Nobody could accuse English writer-director Michael Winterbottom of resting on his laurels. Immediately after – or possibly during – the comedy-drama The Trip to Greece with Steve Coogan, Winterbottom’s already made another film, also mostly set in Greece, and also starring Steve Coogan.
It’s called Greed.
The trailer for Greed has confused some audiences who like to know in advance whether they’re being invited to watch a scathing attack on an unscrupulous multi-millionaire, or a congratulatory puff-piece - the sort of thing Sir Richard Branson might drum up.
Actually, there are several similarities between Branson and the fictitious Sir Richard McCready – nicknamed by the tabloids “Greedy” McCready, for obvious reasons.
McCready made his billions in the rag trade, aided and abetted by his equally mercenary wife - and now ex-wife - Samantha, played by Isla Fisher.
The tag-line for Greed is irresistible – “the devil is in the retail”. But most of the action takes place away from McCready’s high-street stores, and at his tax-haven mansion on the Greek island of Mikonos.
He’s throwing himself a birthday party, and everybody’s coming, whether they like it or not.
At the same time, McCready is being trailed by his biographer Nick, played by David Mitchell.
Nick’s tasked with getting everyone in Sir Richard’s life not only to express how much they love him, but actually to say “Happy Birthday” on camera. Even people working in his sweat-shops in Sri Lanka.
Plans are drawn up, then often ignored, for a party based on a Roman Circus – but a Roman Circus constantly saving money by cutting everyone’s fees.
Meanwhile Nick tries to pick up more material from his boss’s near and dear…
Well perhaps not exactly “dear”. Even Greedy McCready’s hard-nosed mother – played as a sort of Irish Poison Dwarf by the fabulous Shirley Henderson – has hardly a good word to say about him.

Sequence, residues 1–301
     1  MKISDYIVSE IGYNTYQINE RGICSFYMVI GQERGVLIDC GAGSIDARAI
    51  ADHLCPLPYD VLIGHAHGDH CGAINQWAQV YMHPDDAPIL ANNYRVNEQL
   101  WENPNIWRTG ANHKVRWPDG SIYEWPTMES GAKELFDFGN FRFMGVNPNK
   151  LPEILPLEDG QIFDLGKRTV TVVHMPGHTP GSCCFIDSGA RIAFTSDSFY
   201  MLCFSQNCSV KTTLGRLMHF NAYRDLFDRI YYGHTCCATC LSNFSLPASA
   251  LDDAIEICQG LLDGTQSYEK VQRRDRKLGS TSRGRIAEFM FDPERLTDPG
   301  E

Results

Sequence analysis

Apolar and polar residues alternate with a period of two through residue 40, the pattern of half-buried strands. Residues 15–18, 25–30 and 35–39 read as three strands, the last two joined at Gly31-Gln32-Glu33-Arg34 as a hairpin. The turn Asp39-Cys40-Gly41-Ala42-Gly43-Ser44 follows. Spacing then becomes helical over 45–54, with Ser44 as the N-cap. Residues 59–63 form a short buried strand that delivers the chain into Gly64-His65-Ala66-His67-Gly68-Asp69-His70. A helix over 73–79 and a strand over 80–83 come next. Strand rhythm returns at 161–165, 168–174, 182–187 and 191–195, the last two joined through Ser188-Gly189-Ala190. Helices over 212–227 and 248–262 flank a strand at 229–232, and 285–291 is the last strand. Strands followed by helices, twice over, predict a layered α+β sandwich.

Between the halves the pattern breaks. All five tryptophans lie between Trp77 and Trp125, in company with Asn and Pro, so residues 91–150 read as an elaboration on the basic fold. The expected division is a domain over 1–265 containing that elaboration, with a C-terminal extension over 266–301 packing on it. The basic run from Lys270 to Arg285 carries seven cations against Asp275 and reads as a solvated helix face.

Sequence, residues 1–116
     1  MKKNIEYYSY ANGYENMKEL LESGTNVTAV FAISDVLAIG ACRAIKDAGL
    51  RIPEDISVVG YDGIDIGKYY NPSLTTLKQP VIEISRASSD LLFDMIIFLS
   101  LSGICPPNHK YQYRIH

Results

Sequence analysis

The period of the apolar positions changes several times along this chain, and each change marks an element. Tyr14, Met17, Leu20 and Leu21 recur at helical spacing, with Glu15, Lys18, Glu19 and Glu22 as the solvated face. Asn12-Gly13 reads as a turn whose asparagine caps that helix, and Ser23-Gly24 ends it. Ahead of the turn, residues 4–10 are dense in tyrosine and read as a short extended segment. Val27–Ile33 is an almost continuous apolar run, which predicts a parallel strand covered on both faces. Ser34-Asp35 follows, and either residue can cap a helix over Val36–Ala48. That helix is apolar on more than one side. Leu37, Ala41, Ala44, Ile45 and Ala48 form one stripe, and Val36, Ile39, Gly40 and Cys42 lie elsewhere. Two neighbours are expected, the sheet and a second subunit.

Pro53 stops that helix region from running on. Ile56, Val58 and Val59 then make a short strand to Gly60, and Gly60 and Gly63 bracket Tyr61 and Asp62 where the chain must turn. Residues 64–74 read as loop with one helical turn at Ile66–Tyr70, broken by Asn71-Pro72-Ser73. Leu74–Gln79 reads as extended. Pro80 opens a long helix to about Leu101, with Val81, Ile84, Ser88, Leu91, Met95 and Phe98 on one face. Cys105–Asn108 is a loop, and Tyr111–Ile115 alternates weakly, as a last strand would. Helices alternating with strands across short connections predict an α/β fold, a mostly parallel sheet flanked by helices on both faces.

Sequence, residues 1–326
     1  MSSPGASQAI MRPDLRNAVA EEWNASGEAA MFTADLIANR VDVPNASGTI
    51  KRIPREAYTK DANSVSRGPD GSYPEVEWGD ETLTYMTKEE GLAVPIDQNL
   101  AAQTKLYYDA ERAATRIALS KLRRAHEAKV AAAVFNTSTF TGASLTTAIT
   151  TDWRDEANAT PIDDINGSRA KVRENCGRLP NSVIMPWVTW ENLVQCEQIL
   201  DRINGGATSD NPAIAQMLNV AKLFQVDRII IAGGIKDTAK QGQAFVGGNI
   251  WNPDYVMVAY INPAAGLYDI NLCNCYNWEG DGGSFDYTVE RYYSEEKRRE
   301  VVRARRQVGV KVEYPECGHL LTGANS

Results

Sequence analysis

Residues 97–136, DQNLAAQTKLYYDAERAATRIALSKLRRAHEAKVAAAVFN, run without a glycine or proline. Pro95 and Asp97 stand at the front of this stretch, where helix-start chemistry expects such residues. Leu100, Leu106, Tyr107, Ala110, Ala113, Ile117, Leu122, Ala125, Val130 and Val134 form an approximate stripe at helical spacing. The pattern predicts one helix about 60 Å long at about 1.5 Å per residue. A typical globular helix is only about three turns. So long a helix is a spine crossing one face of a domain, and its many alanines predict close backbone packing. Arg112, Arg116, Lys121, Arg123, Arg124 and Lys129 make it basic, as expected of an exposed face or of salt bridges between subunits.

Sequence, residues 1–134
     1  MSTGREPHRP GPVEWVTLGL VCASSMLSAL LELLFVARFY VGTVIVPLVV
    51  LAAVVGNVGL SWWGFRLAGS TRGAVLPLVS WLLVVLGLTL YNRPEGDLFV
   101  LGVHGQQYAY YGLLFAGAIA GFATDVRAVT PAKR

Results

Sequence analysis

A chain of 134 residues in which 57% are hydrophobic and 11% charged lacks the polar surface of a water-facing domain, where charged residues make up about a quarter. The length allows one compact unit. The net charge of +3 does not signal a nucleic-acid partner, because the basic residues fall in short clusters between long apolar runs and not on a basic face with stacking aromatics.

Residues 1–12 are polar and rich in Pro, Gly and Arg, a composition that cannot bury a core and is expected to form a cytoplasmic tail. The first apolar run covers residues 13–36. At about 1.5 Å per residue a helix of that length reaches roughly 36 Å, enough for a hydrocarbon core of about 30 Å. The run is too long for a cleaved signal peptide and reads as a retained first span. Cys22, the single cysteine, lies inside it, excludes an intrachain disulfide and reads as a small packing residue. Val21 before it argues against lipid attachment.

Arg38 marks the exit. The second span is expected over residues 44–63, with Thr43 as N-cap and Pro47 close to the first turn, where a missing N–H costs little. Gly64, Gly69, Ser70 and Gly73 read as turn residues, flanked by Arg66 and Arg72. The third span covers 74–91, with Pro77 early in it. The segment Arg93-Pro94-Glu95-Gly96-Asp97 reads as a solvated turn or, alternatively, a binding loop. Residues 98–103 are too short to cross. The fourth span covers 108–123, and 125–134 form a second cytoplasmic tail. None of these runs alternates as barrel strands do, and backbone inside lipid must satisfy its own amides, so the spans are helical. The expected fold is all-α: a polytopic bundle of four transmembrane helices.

Or about McCready’s offspring who are even shallower than him, just not as successful.
And on the outskirts of the action are all the people hired and underpaid to boost McCready’s ego.
There’s no public relations disaster, he thinks, that can’t be overcome by a public relations triumph. In this case, one involving a real lion, to make up for the shortage of real celebrity guests.
This is a snapshot of today’s robber barons – the people who dodge taxes everywhere they go, renege on every deal and rip off the poorest people in the world because they can.
In its way Greed is just as committed to bringing them down as anything by Ken Loach.
The difference is that Loach tells his stories entirely from the point of view of the underdogs - the people who suffer most under a grossly unfair system that no government – left or right – seems able or willing to dismantle.
By contrast Winterbottom shines a light firmly at the people benefiting – the celebrity jet-setters who live only for fame and money, even if they’re less sure what to do with it once they’ve got it.
Coogan and Fisher are very convincing as today’s glitterati - sipping champagne and sniping at each other’s plastic surgery.
This is greed in its purest form. People like the McCreadys don’t want anything specific, they just want more.
And they don’t understand anyone who thinks that simply wanting more is somehow not enough.